Correction appended, below.
In my three-year tenure thus far at CPS Energy, I’ve received a great deal of valuable feedback, and lots of good questions from the community. One of those questions has been about the fuel adjustment charge.
As with many questions in our industry, the answer is complicated. That particular line item on CPS Energy bills makes up for the difference between what the utility allots for fuel within the base rate, and the variation in fuel costs and types actually used each month.
Because some have asked to see a breakdown of those costs, CPS Energy will now publish that information on its website each month. Increased transparency, when possible, has been a CPS Energy goal since my arrival.
Starting in September, we will share what percentage of the fuel adjustment cost comes from the power we generate, renewables, the STEP program and, when applicable, what we buy from the open market.
For example, our energy market operations group estimated that for the month of August, CPS Energy would use roughly 32 percent nuclear power, 49 percent coal, 10 percent natural gas, 9 percent wind and slightly more than half of one percent of solar power.
Using current costs for each power source, analysts then calculate the overall fuel adjustment charge.
By breaking down the components of the fuel adjustment charge, customers will now be able to see what percentage goes to renewable costs.
CPS Energy was recenty challenged by the San Antonio Express-News Editorial Board for not releasing the price it pays for specific renewable contracts; non-disclosure agreements with our partner companies prevent us from doing so.
The challenge is a fair one, however, and going forward, CPS Energy will work with the private companies we partner with to craft agreements that are more transparent and would allow us the latitude to share the costs we’re incurring.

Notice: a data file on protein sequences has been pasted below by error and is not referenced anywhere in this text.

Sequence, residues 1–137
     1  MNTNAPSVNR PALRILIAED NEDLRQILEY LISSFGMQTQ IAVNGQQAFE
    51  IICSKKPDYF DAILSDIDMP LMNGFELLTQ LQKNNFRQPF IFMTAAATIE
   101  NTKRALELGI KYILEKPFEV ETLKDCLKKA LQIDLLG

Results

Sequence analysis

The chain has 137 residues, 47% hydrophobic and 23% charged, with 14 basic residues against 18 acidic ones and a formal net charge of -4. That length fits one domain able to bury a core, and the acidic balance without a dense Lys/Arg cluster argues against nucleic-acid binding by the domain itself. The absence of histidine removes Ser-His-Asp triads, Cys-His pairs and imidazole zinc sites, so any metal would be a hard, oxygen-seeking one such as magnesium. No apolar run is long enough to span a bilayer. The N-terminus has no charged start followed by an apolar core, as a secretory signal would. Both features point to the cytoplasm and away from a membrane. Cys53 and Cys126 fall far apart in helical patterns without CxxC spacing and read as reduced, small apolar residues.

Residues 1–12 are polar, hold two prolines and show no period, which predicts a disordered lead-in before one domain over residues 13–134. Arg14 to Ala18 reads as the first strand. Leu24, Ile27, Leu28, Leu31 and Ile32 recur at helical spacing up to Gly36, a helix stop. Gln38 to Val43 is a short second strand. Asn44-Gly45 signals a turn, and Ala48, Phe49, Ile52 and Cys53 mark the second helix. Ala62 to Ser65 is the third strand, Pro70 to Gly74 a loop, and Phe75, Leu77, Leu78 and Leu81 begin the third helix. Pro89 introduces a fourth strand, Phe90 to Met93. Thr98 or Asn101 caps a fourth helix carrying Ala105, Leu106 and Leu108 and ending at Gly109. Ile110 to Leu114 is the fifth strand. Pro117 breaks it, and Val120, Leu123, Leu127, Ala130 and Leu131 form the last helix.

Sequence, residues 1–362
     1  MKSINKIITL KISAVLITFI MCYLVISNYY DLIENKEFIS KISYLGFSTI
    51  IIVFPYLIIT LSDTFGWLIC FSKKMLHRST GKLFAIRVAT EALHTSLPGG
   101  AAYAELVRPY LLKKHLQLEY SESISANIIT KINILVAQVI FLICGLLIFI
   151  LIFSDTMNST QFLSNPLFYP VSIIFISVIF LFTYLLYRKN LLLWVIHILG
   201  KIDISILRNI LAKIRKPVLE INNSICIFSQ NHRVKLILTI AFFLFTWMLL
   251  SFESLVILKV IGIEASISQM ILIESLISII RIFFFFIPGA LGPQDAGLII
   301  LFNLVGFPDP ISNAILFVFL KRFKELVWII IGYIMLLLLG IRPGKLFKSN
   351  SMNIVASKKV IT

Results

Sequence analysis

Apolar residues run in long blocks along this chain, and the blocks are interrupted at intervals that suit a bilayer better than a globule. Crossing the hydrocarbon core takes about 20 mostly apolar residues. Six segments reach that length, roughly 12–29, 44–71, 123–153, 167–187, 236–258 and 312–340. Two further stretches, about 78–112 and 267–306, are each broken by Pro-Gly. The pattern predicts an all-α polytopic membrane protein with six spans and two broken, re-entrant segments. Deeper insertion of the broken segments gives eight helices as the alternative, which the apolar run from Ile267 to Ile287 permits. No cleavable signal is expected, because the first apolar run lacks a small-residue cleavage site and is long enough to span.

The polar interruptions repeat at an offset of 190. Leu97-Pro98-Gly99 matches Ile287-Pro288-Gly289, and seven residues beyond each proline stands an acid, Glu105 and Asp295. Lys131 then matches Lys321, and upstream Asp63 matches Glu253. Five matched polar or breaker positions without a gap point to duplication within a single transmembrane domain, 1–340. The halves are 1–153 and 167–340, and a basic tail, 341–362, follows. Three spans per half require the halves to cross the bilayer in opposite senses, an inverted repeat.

We can also, as we have in the past, share the cost of our renewable contracts in the aggregate.
In August, for example, CPS Energy paid, per kilowatt hour, five and a half cents for wind and eight cents for a blend of solar power, landfill gas and power purchased on the wholesale market. We paid four cents for natural gas, two cents for coal and a half cent for nuclear power.
Renewable power is more expensive than traditional fuels, and it makes up just a fraction of our overall generation portfolio. But renewables are also a hedge against future, and I believe certain, increased federal regulations on pollution emissions. Renewables are not only emission-free, they also use zero water for production — an increasingly relevant factor here in South Texas.
Solar in particular is incredibly valuable for CPS Energy, in that it is generating when we need it most, during hot afternoons when the demand for power, and thus its cost, can rise exponentially.
In fiscal year 2009, renewables made up 20 percent of the total fuel adjustment cost. By last year, that amount had risen to 28 percent.
In comparison, power generated by CPS Energy’s nuclear, coal and natural gas plants made up about 60 percent of fuel adjustment costs in the last five years; that amount is projected to shrink to 45 percent by 2018.
STEP program costs are also included in the fuel adjustment charge.
By saving 771 MW of power by 2020, CPS Energy will be able to delay building or purchasing its next fossil fuel plant — and that saves customers money. We’re doing that by offering rebates on efficient lighting, heating and cooling, weatherization and using demand response programs to decrease peak load.
The City Council in 2009 approved STEP and its funding mechanism – CPS Energy must certify, through a third-party, the amount of energy it has saved each year, which can then be recouped through the fuel adjustment charge.
The utility business is a complicated one, but it’s important to me that our community understands what goes into calculating a monthly bill. I encourage you to reach out with any questions or concerns you might have, either by leaving a comment below, through our social media channels, attending one of our upcoming Customer Care Fairs or public input session.
Correction, Sept. 24, 2013: An earlier version of the graphic, above, misstated the makeup of the blue portion of each bar. It is the total base rate, including some fuel costs, not the fuel costs portion of the base rate.